Skip to main content

Full text of "The Cambridge Natural History"

See other formats


Central America, and in the Malay Peninsula  and  the islai
Java and Sumatra,      This animal  is   in  many respects  the
ancient  of existing  forms  referable   to   the   Perissodactyle
It has four toes on the front-feet, though, only three on the

feet.      The   number   of teeth   is 42---nearly the   typical  Et

ian number. The Tapirs are always moderately-sized an
entirely covered -with hair, and usually of a brownish -
colour. The Malayan Tapir is, however, banded broadly

-white---a   single band;   the young  of  the   Tapir  is spotted

striped with white.      The nose and  upper   lip  conjoined  are

Fia. 128.—American Tapir.     Tapirus t&rr&stris.     x^.
duced into   a   short trunk, precisely comparable with that <
Elephant.     As in the Rhinoceros---and in this both contras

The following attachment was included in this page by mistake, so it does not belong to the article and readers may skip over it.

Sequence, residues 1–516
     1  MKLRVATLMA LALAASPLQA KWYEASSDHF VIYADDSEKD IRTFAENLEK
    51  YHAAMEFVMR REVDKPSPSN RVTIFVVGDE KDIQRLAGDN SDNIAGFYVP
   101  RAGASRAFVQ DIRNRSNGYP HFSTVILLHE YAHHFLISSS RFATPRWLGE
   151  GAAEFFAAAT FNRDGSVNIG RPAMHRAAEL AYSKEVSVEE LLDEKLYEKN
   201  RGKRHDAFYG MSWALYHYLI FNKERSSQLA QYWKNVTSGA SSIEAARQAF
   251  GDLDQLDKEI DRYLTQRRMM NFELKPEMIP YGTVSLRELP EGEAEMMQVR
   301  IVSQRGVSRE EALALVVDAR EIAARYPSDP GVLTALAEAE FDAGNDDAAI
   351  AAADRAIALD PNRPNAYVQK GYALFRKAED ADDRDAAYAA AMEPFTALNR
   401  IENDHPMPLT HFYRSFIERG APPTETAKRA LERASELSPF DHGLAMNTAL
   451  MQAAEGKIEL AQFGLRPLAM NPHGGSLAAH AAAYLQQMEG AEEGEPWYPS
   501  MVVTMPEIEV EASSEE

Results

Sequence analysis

the other existing Perissodactyle genus JSgwus---the tempora
is   not   separated  from  the  orbit  by bone.      Of   existing
there  are at any rate T. te-rvestris?- T. voulini (the ** Tapir "
ague "   of Cuvier),   T. dowi   and  T. 'bairdi   in  America   (tb
two   being   sometimes   separated   into   a  distinct  genus,  M
gfLCLfhiuSt on account of the prolongation of the ossified meseth
and   T. indicus in the  East.      The  tapir, probably T, terres
described   by   IBuffbn   as   " a   dull   and  gloomy   animal."
certainly  mainly  nocturnajj.  in habit.      The  name   terrestr
given by Linnaeus, who placed  it  in  the   same   genus  as -
1 37, t&ucogenifs and 37. ecuadorensis are probably not distinct, tne latt<
in reality 2*. terrestris, the former T.